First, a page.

Umanets said he was not a vandal: "Some people think I'm crazy or a vandal, but my intention was not to destroy or decrease the value, or to go crazy. I am not a vandal."
Umanets, who studied art, is one of the founders of "Yellowism", which he describes as "neither art, nor anti-art". "Yellowism is not art, and Yellowish isn't anti-art. It's an element of contemporary visual culture. It's not an artistic movement. It's not art, it's not reality, it's just Yellowism. It can't be presented in a gallery of art, it can be presented only in a Yellowistic chambers.
"I am a Yellowist. I believe what I am doing and I want people to start talking about this. It was like a platform. I don't need to be famous, I don't want money, I don't want fame, I'm not seeking seeking attention."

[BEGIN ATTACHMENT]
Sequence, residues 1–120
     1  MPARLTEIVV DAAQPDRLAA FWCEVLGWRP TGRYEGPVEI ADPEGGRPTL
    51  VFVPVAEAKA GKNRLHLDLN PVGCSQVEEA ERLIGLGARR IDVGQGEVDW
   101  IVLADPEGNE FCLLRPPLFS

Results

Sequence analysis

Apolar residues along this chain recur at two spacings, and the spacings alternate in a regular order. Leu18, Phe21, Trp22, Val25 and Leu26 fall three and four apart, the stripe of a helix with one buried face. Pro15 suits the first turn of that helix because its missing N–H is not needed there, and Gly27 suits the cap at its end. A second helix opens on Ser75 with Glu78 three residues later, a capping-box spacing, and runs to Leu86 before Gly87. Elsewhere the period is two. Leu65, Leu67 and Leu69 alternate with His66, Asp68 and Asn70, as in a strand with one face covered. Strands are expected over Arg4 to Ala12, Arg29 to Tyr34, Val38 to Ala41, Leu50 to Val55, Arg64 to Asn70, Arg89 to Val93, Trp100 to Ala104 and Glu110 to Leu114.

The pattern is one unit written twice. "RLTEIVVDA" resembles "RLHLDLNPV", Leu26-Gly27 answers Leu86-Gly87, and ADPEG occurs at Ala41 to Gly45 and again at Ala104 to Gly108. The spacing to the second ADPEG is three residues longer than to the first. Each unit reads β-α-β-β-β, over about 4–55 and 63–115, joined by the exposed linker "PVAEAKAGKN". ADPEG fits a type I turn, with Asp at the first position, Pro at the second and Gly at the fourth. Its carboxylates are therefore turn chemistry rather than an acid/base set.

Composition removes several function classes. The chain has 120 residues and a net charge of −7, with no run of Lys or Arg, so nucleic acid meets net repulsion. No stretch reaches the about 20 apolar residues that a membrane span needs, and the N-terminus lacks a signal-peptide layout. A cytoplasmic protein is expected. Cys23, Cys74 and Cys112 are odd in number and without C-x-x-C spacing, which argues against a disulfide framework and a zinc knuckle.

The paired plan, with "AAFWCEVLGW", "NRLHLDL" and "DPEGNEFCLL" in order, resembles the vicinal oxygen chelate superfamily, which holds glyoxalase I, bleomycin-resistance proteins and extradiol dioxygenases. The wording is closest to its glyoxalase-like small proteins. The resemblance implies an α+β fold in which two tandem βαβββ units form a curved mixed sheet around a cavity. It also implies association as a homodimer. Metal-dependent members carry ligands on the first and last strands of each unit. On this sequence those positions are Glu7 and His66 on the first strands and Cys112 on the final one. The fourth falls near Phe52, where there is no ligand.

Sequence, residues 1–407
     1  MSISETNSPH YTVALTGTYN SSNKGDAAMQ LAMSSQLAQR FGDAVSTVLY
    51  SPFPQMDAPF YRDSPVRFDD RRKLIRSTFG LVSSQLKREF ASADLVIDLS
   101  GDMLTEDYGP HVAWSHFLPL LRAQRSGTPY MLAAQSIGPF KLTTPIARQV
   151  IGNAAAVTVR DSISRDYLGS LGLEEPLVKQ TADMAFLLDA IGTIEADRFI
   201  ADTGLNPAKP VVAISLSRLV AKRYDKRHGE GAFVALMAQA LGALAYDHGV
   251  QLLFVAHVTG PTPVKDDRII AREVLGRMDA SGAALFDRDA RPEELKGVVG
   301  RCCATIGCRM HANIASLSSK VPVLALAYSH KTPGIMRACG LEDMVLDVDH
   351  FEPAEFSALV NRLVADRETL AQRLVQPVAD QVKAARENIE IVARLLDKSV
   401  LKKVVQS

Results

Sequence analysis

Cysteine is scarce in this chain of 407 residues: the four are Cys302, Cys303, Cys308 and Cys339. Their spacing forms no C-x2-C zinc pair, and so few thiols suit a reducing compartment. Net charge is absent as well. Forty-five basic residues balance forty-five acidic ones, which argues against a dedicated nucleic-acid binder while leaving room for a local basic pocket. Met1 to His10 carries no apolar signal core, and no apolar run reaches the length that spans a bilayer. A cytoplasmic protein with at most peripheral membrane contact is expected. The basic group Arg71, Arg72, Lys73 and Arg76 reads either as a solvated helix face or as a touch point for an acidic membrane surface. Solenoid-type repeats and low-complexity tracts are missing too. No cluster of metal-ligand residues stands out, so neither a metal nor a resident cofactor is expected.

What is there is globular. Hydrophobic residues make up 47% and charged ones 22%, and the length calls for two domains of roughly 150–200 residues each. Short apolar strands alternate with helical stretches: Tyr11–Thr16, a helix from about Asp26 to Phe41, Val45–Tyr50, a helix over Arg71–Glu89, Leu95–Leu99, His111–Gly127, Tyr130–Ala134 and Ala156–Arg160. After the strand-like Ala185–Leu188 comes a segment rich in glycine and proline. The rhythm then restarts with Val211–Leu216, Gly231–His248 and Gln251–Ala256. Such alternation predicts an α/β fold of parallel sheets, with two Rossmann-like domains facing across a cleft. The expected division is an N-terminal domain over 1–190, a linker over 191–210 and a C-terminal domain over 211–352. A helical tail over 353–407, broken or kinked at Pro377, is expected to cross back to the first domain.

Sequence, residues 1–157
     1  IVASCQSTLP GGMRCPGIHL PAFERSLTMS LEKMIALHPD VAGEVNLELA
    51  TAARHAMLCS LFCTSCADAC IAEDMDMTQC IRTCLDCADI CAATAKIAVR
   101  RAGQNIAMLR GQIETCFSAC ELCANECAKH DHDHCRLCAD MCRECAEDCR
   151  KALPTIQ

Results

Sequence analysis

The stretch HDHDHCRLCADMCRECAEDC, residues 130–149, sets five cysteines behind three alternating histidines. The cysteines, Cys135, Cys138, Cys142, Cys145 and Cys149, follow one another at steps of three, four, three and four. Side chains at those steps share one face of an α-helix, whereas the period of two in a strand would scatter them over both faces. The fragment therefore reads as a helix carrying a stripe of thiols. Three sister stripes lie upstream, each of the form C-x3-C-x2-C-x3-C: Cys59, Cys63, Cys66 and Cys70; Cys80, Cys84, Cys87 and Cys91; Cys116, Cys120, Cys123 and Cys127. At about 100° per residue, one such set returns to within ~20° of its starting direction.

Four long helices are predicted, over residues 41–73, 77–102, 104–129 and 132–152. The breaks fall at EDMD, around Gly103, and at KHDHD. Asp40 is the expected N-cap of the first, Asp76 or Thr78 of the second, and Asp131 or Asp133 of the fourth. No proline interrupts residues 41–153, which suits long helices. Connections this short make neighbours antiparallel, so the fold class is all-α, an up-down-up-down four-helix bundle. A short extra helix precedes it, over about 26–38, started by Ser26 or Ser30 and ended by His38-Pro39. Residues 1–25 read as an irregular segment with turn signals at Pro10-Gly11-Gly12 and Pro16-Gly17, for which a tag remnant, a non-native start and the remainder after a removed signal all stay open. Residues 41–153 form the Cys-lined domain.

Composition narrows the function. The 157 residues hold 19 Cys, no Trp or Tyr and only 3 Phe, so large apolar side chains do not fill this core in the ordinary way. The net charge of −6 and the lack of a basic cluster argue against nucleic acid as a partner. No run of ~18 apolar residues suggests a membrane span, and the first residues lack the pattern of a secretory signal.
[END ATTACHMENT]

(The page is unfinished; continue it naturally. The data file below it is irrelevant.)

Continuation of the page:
He said he did not plan which painting he would write on, but thinks he found "the perfect choice", and said he feels he may have increased the value. "To be honest, I do believe I increased the value. It seems probably ridiculous for someone but I do believe in this. I didn't decrease the value, I didn't destroy this picture, I put something new."
The gallery said it does not have a price for the defaced piece, but paintings by the Russian-born artist often fetch tens of millions of pounds. Earlier this year, Rothko's Orange, Red, Yellow sold for £53.8 million - the highest price paid for a piece of post-war art at auction. The 1961 painting went under the hammer at Christie's in New York.